In the ‘60s, feminists fought to have rape taken seriously. But taking an accusation seriously is not the same as granting it automatic validity. Rather, it means investigating the facts and weighing them in an unbiased manner that favors no one and nothing but the truth.

A lot of ugly truth may surface in the coming months. The state of Florida seems determined to pursue its case against Nall, who seems determined to fight back.

Winter Park Sgt. Pam Marcum explained to the Orlando Sentinel that bringing charges against Nall had taken so long because the police department sought a second opinion from the State Attorney’s office. It is rare for those who file false reports of sexual abuse to be prosecuted. In short, the prosecution is carefully constructing a case; the defense is loudly crying ‘political persecution!’ In the process, the definition and legal status of rape within our society continues to evolve.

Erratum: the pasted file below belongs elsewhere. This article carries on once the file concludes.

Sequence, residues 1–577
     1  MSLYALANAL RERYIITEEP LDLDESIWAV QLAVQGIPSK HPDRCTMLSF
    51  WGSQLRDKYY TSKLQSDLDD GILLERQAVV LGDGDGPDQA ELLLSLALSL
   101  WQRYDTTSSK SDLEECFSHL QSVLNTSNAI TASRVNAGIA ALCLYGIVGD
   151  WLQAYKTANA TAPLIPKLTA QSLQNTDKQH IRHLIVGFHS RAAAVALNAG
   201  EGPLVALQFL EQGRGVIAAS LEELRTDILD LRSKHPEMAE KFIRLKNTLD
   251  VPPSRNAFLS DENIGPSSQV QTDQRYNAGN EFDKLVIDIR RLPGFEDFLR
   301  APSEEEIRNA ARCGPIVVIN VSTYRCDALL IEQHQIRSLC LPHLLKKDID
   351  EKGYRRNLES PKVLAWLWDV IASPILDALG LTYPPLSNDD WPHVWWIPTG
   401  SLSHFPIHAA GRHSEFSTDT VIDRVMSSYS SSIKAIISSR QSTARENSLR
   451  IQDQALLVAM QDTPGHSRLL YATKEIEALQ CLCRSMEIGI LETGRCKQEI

Where it comes to rest depends largely upon the honesty-- not the NOW-like silence -- with which women confront the problem of false accusations.

Wendy McElroy is the editor of ifeminists.com and a research fellow for The Independent Institute in Oakland, Calif. She is the author and editor of many books and articles, including the new book, "Liberty for Women: Freedom and Feminism in the 21st Century" (Ivan R. Dee/Independent Institute, 2002). She lives with her husband in Canada.

 

Printer friendly version
Printer friendly version
Send a link to this page!
Send a link to this story

Printer friendly version Send a link to this page!



Get weekly updates about new issues of ESR!
e-mail:
Subscribe
Unsubscribe

 

This week's poll

Home

1996-2013, Enter Stage Right and/or its creators. All rights reserved.